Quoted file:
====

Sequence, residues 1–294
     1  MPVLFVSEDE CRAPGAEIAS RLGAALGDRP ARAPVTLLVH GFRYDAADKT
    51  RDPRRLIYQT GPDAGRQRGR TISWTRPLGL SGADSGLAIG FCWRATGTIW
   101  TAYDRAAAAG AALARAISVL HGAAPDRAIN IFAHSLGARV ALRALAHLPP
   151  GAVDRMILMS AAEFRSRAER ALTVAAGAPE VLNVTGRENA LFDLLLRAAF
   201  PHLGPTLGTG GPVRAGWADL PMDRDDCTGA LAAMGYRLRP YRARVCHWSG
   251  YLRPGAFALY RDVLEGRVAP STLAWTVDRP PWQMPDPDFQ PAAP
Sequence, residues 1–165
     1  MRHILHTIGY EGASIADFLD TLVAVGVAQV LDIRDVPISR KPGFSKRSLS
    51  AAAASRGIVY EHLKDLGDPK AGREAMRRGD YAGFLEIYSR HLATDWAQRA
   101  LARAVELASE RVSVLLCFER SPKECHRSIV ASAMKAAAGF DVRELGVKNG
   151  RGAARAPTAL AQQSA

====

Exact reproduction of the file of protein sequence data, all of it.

Sequence, residues 1–294
     1  MPVLFVSEDE CRAPGAEIAS RLGAALGDRP ARAPVTLLVH GFRYDAADKT
    51  RDPRRLIYQT GPDAGRQRGR TISWTRPLGL SGADSGLAIG FCWRATGTIW
   101  TAYDRAAAAG AALARAISVL HGAAPDRAIN IFAHSLGARV ALRALAHLPP
   151  GAVDRMILMS AAEFRSRAER ALTVAAGAPE VLNVTGRENA LFDLLLRAAF
   201  PHLGPTLGTG GPVRAGWADL PMDRDDCTGA LAAMGYRLRP YRARVCHWSG
   251  YLRPGAFALY RDVLEGRVAP STLAWTVDRP PWQMPDPDFQ PAAP
Sequence, residues 1–165
     1  MRHILHTIGY EGASIADFLD TLVAVGVAQV LDIRDVPISR KPGFSKRSLS
    51  AAAASRGIVY EHLKDLGDPK AGREAMRRGD YAGFLEIYSR HLATDWAQRA
   101  LARAVELASE RVSVLLCFER SPKECHRSIV ASAMKAAAGF DVRELGVKNG
   151  RGAARAPTAL AQQSA